>The Water Soluble Vitamins: B Complex and Vitamin C

>We will begin our journey through the water soluble vitamins starting with Vitamin C. This one may be important to us as we move into flu and cold season. Let’s answer the question- does Vitamin C really help you when you have a cold?
Vitamin C is also known as ascorbic acid, a water soluble vitamin that aids in wound healing and iron absorption and helps us maintain our bones, blood vessels and teeth. Vitamin C also helps to form collagen and plays a role in the production of hormones and the amino acid carnitine. Vitamin C has long been known for its antioxidant properties, protecting against oxidation, or cellular damage caused by free radicals.
There is growing evidence that Vitamin C may help protect against cancers of the esophagus, mouth, pharynx, stomach, pancreas, cervix, rectum, breast and lungs. The most promising evidence is with stomach cancer where Vitamin C can inhibit H. pyloris, the bacterium that is responsible for most ulcers and the increased risk of stomach cancer.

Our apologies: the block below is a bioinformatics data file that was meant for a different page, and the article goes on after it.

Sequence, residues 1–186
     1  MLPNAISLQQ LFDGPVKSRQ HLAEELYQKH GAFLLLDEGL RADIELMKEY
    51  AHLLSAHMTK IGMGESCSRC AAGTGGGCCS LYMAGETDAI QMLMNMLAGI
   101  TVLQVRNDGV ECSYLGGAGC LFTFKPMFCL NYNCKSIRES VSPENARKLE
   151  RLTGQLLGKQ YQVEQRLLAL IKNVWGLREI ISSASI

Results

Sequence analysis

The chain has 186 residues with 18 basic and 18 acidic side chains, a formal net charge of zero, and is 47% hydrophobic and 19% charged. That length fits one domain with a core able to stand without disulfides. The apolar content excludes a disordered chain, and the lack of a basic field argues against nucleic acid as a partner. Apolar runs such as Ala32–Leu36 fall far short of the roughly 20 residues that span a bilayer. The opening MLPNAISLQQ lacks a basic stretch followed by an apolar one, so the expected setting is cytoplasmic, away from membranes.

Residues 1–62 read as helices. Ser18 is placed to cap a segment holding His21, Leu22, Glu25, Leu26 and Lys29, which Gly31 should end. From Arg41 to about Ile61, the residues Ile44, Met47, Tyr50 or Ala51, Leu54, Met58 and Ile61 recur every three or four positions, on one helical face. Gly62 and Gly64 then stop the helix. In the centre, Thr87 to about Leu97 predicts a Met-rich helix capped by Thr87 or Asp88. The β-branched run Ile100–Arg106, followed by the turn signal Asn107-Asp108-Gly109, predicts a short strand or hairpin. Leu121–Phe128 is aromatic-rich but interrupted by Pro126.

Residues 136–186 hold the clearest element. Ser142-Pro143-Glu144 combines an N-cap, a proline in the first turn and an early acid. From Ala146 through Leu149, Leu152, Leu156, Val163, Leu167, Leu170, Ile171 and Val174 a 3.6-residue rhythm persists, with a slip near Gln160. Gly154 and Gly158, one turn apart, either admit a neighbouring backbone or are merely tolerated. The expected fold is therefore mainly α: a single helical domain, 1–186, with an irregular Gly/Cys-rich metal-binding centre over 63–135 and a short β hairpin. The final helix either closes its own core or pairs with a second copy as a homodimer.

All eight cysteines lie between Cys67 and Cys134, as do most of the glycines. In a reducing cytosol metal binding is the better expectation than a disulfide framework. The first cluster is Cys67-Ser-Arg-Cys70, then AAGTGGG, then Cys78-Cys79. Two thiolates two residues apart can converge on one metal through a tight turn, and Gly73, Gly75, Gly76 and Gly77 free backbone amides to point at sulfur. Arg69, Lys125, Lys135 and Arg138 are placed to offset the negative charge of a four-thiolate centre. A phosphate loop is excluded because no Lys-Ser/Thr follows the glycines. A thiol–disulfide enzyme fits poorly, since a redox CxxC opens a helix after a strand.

Vit C can increase the absorption of iron in the body.
Long ago sailors realized the benefits of consuming foods high in Vitamin C (preventing scurvy). People can still be at risk for for scurvy if they do no consume enough fruits and vegetables or abuse alcohol and /or drugs.
Good food sources of Vitamin C: peppers, cantaloupe, kiwi, oranges and orange juice, cranberry juice, raw tomatoes, lemons, cauliflower, cooked collards, baked potatoes, raw spinach, watermelon, broccoli
How does Vitamin C help us?  Wound healing, fever and infection, growth, stress and emotional upset, chronic disease prevention.
Recommended Daily Allowances: Adult Males: 90 milligrams/day Adult Females: 75milligrams/day
Taken in part from Ternus, M., Broihier, K. (2007) Vitamins: Boost your Energy and Enhance Your Body. Avon, MA, F&W Publications
Schlenker, E. & Roth, S,.L. (2011) Williams Essentials of  Nutrition and Deit Therapy. St.Louis, MO, Elsevier Mosby